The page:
Skip Ribbon Commands
Skip to main content
We use cookies to ensure you get the best experience on our website. For more information, read our Privacy Policy.
Close
News items
Help in a crisis
Back to news search

Search
Tweet   Facebook   LinkeIn   Email
New initiative to reduce harmful sexual behaviour
09/08/2017

​Professionals who work with children and teenagers in Norfolk and Waveney will be given specialist training to identify the signs of harmful sexual behaviour following the launch of a new initiative designed to reduce offending and protect vulnerable young people.

Norfolk and Suffolk NHS Foundation Trust (NSFT) and the Norfolk Youth Offending Team (YOT) have been given £150,000 of local transformation funding from the area’s five clinical commissioning groups to expand services for children showing signs of harmful sexual behaviour.

The money will be used to upskill staff who work with young people, such as teachers, health professionals, social workers and police, so that they can better identify early warning signs so that potential children and young people can be given the right help and support to address their behaviour.

An NSFT Specialist Clinical Psychologist and a YOT Harmful Sexual Behaviour Specialist worker are now driving the initiative, and will spend the next six months raising awareness and capacity within the local workforce.

Following that, they will focus on developing interventions to address behaviour in the most serious cases, which in Norfolk and Waveney is often sibling on sibling abuse.

Nicki Bramford, a Deputy Service Manager with NSFT’s Children, Families and Young People’s services (CFYP), said: “This new initiative will focus initially on upskilling practitioners who work with children and young people in what is a very specialist area. Our aim is to build resilience and capacity among professionals so that they can start having difficult conversations and taking the first steps to address harmful sexual behaviour among their clients and service users.

“This type of behaviour does not occur in isolation – the young person will usually already be involved with mental health services or the police, for example. That is why it is so important that staff who work with young people have the necessary specialist skills to identify the signs and pick up on potential problems.

“This is a much-needed service which builds on our excellent track record of working closely with partners across the system to make sure vulnerable young people don’t fall through the gaps.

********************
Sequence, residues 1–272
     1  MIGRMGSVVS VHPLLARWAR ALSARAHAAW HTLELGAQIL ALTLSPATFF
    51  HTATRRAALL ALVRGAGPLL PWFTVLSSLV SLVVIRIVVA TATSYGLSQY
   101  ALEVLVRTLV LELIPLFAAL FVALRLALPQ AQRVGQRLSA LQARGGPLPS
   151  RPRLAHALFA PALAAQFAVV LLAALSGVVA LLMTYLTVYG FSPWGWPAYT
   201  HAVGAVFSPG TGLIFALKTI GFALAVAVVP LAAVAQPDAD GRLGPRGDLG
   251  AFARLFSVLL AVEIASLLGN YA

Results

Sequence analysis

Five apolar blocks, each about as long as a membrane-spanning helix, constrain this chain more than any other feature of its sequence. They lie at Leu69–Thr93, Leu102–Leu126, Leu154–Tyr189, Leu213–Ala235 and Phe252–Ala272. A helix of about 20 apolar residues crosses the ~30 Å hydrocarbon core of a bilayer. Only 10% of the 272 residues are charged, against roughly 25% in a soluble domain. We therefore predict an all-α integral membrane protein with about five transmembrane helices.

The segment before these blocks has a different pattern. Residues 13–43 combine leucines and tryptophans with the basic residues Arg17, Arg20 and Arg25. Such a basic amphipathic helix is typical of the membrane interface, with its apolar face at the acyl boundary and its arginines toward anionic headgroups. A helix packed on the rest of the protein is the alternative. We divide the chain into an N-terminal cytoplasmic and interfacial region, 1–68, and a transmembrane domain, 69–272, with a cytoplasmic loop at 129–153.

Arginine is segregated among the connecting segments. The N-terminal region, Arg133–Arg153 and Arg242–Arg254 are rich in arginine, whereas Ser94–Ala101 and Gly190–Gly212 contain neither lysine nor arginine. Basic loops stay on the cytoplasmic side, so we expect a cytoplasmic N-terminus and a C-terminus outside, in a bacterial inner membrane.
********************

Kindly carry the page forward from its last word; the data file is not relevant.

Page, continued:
“Harmful sexual behaviour has huge ramifications, not just for the victim but for the perpetrator, who will carry any conviction with them for the rest of their life. By identifying potential issues early, we hope that we can take the right action to stop people from becoming either victims or perpetrators, in turn improving their chances of living a happy, healthy life.”

Chris Small, Head of Youth Offending Services, said: “Norfolk YOT is very pleased to be part of this innovative project as it will enable us to extend the considerable skills and experience we have developed over the last twenty years into work with young people outside of the criminal justice system. This will provide a much-needed early response and reduce the impact of harmful sexual behaviour on young people.

“A key outcome for us is the benefits that are to be gained from developing the knowledge and skills of the wider children and young people’s workforce across Norfolk so they become confident in their ability to work with and change the behaviour of children and young people exhibiting harmful sexual behaviour.”

A spokesperson from Norfolk Safeguarding Children’s Board said: “The NSCB welcomes this new initiative, which supports the wider Child Sexual Abuse strategy in Norfolk. Previous serious case reviews in Norfolk have shown that harmful sexual behaviour and the confidence of the workforce in responding to this issue is something that requires a dedicated focus and response. We have already seen, from the interest in the forthcoming awareness-raising events, that professionals from a wide range of agencies are keen to increase their knowledge of this area of practice.

“The NSCB will also be working alongside the HSB team in the coming weeks to carry out an audit of current HSB provision, in order to develop a multi-agency action plan for moving forward the partnership response in Norfolk.”

Katy Blakely, Mental Health and LD Transformation Manager with NHS South Norfolk Clinical Commissioning Group, said: “This is a great example of different organisations working together to deliver a service to benefit the patients of Norfolk and Waveney.

“It is important to provide prevention schemes to change behaviours for the future and ensure that all children have the opportunity to lead a happy and healthy life.”

For media enquiries, please contact nsft.communications@nsft.nhs.uk